The Edinburgh International Film Festival (EIFF) has confirmed it will host a hybrid event from August 18-25, including both indoor and outdoor screenings in the city and throughout Scotland.
Physical screenings and events will take place at EIFF’s main Filmhouse Cinema venue as well as on Edinburgh’s St Andrew Square, where a free programme of “cinematic favourites” will be shown.
Further outdoor screenings will be hosted just outside the city at Port Edgar Marina on nearby estuary the Firth of Forth, where a purpose-built outdoor cinema space will be created close to the water. EIFF is also collaborating with partners to offer a programme of presentations across Scotland, with more details expected in the coming weeks.
Films will also be available to UK audiences through new streaming platform Filmhouse at Home, which was launched on March 26 by Filmhouse Cinemas – operated by EIFF’s parent charity organisation, the Centre for the Moving Image (CMI). Filmmaker Q&As will form part of that offering.
As first reported by Screen last month, the festival has assembled a team of programmers led by Nick Varley, the founder and former co-CEO of distributor Park Circus. Guest programmers include Christophe Mercier, a former executive at Fox Searchlight and Warner Bros, who is working on an international selection; and Nada Cirjanic, a former exec at Great Point Media and Independent Film Sales, who is focused on UK titles.
Programmers with existing ties to the festival include Rohan Crickmar, who is selecting documentaries, and Abigail Addison, who is selecting animation titles. Shorts are being programmed by Jenny Clarke and experimental films by Lydia Beilby and Kim Knowles.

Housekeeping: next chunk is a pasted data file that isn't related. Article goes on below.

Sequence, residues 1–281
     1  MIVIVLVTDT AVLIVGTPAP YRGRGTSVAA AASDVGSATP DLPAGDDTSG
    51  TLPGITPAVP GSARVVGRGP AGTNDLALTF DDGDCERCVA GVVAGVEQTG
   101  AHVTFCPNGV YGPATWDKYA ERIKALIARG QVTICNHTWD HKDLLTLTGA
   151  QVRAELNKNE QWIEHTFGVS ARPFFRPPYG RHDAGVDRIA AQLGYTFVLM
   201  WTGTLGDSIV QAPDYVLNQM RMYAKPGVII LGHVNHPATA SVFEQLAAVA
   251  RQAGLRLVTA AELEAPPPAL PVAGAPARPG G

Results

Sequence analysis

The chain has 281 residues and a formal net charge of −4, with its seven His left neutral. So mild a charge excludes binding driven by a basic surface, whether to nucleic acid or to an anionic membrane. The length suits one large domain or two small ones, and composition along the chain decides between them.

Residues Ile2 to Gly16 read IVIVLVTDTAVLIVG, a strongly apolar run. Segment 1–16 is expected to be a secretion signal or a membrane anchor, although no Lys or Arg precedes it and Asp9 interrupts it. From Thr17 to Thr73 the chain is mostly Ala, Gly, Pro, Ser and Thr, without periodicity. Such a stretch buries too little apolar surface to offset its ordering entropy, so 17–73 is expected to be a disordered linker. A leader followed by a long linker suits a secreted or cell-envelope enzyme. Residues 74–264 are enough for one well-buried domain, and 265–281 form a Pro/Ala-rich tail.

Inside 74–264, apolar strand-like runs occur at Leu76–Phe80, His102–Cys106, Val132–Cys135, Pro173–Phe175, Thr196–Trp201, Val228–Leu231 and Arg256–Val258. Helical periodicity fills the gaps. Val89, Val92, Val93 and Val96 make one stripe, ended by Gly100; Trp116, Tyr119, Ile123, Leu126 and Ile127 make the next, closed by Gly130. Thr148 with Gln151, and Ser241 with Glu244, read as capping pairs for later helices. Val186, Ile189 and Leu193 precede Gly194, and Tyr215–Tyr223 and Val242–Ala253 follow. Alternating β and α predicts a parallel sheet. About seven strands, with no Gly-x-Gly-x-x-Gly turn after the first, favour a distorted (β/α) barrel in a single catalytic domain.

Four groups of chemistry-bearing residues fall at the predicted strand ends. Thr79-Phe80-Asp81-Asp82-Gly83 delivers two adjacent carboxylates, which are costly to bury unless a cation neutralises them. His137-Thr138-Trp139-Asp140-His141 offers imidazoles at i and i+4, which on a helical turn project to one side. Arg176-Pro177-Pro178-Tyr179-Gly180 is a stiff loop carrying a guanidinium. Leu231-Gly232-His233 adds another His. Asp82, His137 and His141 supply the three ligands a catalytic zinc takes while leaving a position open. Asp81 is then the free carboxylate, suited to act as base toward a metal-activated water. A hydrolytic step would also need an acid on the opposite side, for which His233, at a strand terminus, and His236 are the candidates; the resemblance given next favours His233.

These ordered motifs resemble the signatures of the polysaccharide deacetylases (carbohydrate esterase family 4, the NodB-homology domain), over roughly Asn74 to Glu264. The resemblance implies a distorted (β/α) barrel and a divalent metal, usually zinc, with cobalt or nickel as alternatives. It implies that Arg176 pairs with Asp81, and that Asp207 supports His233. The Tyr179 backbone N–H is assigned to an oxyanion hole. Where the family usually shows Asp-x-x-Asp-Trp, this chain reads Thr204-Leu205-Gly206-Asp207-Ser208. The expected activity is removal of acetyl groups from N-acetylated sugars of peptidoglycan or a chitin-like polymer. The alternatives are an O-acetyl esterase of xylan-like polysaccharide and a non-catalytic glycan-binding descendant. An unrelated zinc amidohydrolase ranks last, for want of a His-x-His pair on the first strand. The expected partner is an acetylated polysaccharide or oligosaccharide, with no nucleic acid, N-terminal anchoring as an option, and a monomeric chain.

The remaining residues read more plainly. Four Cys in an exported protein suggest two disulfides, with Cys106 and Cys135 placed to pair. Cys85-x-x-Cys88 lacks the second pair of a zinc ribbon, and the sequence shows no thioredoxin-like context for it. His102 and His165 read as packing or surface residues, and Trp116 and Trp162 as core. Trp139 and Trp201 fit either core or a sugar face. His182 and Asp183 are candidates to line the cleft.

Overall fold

According to sources, this team is approaching sales agents to discuss titles for the scaled-back, hybrid edition of the festival and the full programme is set to be announced on July 28.
It would mark a return to August for EIFF, which usually takes place in June but was postponed in 2020 due to the pandemic. It might also pave the way for a permanent return to an August slot in the calendar, which has been called for since it moved to June in 2008. While no permanent move to August dates has yet been confirmed, Screen understands that candidates who have been approached for the new chief creative officer role at the festival have been told of plans for a shift back to the traditional slot.
Ken Hay, CEO of CMI and EIFF, said: “The festival will play a leading role in hailing the return to cinema-going and champion Scottish and UK films to audiences and industry around the world. We also believe that in this year particularly, that EIFF has a strong role to play in highlighting key social issues and will seek to deliver a programme that inspires curiosity and action in our audiences.”
It is understood that a decision to go ahead with this year’s edition was dependent on securing funding from Screen Scotland. Following the confirmation, Screen Scotland executive director Isabel Davis said: “As people start to come back together over the summer, it’s exciting that EIFF will offer audiences in Edinburgh, Scotland and across the UK a celebration of the communal experience of cinema.”
On the industry side, EIFF Talent Lab will return online to give 24 writers, directors and producers a range of practical support as they work on their first features. The EIFF Youth programme, designed to support the next generation of filmmakers, will run in-person and online from August 20-23. Further industry activity is expected to be announced in the coming months.
EIFF is also teaming with Filmarket Hub – an online marketplace that matches talent and unproduced projects with partners – to launch a new talent showcase, which will be announced on Friday (May 28).